What is the evidence regarding risk factors that lead to acute sustained intraocular pressure increases requiring surgery following anti-VEGF intravitreal injection treatment for retinal disease?
What are the evidence-based guidelines regarding reducing the incidents of acute, sustained intraocular pressure increases following anti-VEGF intravitreal injection treatment for retinal disease?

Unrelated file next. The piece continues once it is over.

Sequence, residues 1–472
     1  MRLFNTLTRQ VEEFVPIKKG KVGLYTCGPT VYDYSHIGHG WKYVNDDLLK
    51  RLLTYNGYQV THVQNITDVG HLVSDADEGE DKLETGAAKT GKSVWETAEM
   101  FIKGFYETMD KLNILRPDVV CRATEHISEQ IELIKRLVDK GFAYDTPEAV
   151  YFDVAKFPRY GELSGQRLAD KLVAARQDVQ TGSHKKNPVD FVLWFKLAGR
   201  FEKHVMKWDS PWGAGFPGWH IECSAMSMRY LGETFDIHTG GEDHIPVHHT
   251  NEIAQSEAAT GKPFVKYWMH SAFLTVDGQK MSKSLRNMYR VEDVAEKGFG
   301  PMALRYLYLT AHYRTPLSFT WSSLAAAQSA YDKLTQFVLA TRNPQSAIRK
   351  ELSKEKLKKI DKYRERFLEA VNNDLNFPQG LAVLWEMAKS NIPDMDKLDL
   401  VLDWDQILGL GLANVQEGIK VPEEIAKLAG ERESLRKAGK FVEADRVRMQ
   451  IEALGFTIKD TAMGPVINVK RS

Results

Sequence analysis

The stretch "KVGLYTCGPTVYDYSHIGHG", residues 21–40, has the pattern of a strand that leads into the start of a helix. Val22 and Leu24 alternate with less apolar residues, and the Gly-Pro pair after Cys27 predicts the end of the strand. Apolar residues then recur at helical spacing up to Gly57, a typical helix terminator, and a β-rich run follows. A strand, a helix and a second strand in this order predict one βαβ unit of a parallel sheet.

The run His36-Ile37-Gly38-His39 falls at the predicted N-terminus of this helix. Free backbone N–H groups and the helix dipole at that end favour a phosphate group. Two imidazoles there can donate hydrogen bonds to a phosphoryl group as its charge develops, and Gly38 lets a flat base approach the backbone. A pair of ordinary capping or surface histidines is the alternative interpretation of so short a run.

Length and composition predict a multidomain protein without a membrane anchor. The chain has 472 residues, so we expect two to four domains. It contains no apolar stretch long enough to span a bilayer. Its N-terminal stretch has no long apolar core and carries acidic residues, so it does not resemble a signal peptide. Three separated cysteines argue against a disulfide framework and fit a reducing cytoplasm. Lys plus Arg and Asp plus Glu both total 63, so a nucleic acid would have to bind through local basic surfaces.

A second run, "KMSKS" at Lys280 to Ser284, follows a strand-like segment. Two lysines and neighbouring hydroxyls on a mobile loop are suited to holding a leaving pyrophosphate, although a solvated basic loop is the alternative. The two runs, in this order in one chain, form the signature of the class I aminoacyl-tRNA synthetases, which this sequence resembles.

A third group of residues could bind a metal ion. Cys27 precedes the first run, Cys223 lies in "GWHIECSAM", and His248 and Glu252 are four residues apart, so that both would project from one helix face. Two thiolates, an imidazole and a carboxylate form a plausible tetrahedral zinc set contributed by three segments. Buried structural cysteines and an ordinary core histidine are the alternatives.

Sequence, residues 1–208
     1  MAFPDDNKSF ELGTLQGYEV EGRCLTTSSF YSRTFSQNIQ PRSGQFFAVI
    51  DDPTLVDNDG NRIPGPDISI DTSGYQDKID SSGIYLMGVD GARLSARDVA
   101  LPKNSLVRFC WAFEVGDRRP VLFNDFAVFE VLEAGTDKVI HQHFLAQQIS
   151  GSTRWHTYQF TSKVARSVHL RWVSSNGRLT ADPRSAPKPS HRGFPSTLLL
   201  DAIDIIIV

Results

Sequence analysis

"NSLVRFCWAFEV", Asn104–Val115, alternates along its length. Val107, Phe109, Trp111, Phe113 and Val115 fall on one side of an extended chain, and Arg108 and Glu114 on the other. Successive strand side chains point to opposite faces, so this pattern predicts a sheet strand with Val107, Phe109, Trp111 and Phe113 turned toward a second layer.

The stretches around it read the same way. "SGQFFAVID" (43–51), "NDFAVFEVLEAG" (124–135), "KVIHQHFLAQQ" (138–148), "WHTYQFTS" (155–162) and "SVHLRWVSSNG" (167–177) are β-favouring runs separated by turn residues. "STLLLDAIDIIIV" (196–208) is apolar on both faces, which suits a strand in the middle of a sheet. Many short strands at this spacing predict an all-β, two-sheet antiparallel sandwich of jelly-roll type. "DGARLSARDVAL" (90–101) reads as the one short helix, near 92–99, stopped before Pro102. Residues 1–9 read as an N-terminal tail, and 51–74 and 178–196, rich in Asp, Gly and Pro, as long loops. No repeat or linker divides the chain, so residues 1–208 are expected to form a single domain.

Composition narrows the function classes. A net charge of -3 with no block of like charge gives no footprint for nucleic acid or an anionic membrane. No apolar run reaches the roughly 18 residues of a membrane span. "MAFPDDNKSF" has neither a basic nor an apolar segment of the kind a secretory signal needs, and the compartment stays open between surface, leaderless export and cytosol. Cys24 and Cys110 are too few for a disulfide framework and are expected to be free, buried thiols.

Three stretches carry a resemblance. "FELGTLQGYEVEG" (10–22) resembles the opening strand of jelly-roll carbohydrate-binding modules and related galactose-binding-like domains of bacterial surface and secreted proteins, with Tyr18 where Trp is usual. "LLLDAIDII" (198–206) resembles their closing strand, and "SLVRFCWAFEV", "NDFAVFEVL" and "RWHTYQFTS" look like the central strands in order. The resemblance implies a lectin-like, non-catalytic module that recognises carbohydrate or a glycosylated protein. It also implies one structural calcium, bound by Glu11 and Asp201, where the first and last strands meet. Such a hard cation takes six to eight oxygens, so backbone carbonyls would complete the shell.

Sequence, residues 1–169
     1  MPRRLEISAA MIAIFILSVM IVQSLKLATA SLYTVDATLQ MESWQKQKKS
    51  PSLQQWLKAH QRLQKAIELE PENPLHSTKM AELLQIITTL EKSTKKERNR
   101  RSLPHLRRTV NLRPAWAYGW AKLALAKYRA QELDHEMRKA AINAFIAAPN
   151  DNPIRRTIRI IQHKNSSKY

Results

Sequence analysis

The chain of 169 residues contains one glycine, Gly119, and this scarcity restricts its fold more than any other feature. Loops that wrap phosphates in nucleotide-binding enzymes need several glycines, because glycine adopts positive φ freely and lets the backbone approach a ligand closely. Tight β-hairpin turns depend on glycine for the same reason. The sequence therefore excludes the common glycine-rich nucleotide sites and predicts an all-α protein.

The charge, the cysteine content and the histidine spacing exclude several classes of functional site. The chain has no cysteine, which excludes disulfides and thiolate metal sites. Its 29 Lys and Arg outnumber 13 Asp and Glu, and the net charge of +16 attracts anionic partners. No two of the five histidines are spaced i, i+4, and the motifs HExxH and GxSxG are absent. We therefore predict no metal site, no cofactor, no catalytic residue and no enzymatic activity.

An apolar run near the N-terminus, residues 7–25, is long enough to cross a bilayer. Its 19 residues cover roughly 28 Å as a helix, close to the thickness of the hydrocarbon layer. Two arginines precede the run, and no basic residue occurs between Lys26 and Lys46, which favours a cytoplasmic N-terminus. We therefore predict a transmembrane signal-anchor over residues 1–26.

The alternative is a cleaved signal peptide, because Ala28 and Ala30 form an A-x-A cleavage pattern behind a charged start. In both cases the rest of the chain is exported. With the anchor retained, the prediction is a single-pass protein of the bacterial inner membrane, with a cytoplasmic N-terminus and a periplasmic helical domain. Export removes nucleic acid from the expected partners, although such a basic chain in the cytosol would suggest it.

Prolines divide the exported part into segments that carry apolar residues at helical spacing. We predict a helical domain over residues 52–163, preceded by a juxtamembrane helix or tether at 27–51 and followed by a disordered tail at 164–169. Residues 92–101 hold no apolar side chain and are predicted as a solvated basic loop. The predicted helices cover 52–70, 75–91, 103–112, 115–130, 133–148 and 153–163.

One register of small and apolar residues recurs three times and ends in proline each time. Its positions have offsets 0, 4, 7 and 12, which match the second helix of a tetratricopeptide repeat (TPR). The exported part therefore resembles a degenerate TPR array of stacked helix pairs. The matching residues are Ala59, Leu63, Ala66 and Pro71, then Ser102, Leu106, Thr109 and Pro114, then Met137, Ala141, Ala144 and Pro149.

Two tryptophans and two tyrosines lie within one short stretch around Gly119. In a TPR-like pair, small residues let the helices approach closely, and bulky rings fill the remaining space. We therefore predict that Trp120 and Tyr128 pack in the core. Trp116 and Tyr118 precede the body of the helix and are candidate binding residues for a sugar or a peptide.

Five relevant publications comprising one meta-analysis, two prospective randomized controlled trials, one retrospective non-randomized comparative study, and one retrospective non-comparative study were identified. The evidence on the risk factors that lead to acute sustained intraocular pressure (IOP) increases (or sustained elevated IOP) requiring surgery following anti-vascular epithelial growth factor (VEGF) intravitreal injection treatment for retinal disease was inconclusive, primarily due to heterogeneity in the studies. Across the relevant studies, there was variation in the patient populations, the types of anti-VEGF agents used for treatment, compounding and administration of the agents, the comparators, and the length of follow-up. Importantly, studies reported on the incidence of elevated IOP that required any form of treatment as multiple management pathways are available for the condition. In addition to surgery, patients may be treated with medication, a combination of surgery and medication, or be put under observation.Of the five relevant studies, one non-comparative study reported that surgical intervention (trabeculectomy) and medication were used together to control IOP in one patient with neovascular age-related macular degeneration, following treatment with single or combined doses of anti-VEGF agents. Given the low rate of elevated IOP that required surgery, the attendant risk factors could not be assessed. No relevant evidence-based guidelines were identified.